[Alexandria, VA, April 26, 2017] – A new study released today by JAMA Psychiatry found that rates of marijuana use and marijuana addiction increased significantly more in states that passed medical marijuana laws as compared to states that have not. Examining data from 1992 to 2013, researchers concluded that medical marijuana laws likely contributed to an increased prevalence of marijuana and marijuana-addicted users.
“Politicians and pro-pot special interests are quick to tout the benefits of medical marijuana legalization, but it’s time to see through the haze — medical marijuana has gone completely unregulated,” said SAM President Kevin Sabet. “More people in these states are suffering from an addiction to marijuana that harms their lives and relationships, while simultaneously more have begun using marijuana. No one wants to see patients denied something that might help them, but this study underscores the fact that “medical” and “recreational” legalization are blurred lines. Smoked marijuana is not medicine, and has not been proven safe and effective as other FDA-approved medications have.”
The study’s researchers wrote that increases in marijuana use in states with medical marijuana laws “may have resulted from increasing availability, potency, perceived safety, [or] generally permissive attitudes.” They conclude that “changing state laws (medical or recreational) may also have adverse public health consequences.”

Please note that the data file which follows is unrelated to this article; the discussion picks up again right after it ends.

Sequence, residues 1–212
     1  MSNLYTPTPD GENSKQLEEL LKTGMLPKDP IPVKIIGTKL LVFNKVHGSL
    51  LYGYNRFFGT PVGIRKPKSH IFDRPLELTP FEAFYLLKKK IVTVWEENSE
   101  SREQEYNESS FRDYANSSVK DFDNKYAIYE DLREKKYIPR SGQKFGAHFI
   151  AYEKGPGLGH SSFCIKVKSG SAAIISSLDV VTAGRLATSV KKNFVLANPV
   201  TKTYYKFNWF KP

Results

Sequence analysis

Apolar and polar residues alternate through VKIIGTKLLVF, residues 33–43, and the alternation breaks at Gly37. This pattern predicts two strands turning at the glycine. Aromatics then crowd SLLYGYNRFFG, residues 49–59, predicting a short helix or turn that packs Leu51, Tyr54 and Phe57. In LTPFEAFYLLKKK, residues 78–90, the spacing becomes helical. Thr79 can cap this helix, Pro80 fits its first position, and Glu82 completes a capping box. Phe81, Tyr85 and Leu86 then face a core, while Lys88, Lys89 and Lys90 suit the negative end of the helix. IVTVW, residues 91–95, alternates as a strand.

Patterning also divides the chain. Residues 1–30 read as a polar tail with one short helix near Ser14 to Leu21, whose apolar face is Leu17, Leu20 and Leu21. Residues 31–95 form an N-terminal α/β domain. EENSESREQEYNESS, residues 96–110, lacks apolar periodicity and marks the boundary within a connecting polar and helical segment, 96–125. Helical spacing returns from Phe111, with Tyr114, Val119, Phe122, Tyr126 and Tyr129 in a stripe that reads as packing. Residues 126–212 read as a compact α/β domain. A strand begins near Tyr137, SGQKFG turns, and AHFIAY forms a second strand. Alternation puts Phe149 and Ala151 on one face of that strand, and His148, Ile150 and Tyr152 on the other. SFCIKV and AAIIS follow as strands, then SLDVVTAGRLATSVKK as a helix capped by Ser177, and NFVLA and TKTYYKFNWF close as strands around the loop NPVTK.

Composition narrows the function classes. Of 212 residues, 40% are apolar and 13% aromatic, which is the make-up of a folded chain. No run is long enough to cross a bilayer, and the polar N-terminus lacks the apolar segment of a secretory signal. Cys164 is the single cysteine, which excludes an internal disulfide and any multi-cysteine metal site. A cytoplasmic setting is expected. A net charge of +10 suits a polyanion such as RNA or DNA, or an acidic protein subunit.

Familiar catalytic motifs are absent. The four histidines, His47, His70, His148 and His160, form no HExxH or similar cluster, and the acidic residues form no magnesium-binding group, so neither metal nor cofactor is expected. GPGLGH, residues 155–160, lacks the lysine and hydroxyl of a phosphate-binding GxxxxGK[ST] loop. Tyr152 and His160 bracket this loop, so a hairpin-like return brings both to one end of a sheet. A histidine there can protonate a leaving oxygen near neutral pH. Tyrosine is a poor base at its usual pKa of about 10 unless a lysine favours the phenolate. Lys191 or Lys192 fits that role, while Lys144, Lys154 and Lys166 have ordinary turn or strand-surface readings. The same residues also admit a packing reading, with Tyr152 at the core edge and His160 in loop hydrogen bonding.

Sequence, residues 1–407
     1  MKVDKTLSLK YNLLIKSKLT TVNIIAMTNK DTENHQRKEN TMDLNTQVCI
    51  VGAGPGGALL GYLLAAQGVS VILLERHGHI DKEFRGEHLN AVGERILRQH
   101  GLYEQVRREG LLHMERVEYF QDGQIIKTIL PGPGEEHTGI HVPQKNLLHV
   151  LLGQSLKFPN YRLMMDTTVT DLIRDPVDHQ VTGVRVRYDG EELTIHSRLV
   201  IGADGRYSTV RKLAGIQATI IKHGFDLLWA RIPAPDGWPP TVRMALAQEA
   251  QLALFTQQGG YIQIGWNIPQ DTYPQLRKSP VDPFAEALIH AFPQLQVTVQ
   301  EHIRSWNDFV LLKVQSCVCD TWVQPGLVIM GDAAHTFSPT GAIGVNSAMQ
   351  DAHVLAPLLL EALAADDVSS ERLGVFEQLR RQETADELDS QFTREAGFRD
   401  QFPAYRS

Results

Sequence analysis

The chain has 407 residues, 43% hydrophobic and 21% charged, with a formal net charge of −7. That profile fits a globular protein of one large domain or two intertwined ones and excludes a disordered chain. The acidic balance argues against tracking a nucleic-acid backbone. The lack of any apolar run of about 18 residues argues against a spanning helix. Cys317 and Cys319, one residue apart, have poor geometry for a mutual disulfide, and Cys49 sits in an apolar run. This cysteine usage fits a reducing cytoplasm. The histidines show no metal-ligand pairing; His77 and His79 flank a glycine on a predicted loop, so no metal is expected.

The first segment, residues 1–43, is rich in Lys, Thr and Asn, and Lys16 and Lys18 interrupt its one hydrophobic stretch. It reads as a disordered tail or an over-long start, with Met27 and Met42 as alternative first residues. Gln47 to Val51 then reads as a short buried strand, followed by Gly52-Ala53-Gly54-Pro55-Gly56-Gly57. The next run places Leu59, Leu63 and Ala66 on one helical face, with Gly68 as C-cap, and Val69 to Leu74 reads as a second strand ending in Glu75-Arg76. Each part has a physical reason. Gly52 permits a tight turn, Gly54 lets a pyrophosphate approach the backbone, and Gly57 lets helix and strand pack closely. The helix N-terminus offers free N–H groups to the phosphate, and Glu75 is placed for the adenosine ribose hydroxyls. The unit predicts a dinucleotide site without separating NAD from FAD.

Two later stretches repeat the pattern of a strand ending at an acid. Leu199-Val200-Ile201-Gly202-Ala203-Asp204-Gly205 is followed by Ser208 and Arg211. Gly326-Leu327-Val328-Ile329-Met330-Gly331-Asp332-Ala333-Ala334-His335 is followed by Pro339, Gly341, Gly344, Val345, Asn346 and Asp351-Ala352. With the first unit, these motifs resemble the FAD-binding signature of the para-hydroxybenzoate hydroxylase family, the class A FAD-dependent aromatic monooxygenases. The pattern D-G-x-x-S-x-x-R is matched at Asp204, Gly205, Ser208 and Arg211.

Evidence demonstrates that marijuana — which has skyrocketed in average potency over the past decades — is addictive and harmful to the human brain, especially when used by adolescents. Moreover, in states that have already legalized the drug, there has been an increase in drugged driving crashes and youth marijuana use. States that have legalized marijuana have also failed to shore up state budget shortfalls with marijuana taxes, continue to see a thriving black market, and are experiencing a continued rise in alcohol sales.
Smart Approaches to Marijuana (SAM) is a nonpartisan, non-profit alliance of physicians, policy makers, prevention workers, treatment and recovery professionals, scientists, and other concerned citizens opposed to marijuana legalization who want health and scientific evidence to guide marijuana policies. SAM has affiliates in more than 30 states. For more information about marijuana use and its effects, visit http://www.learnaboutsam.org.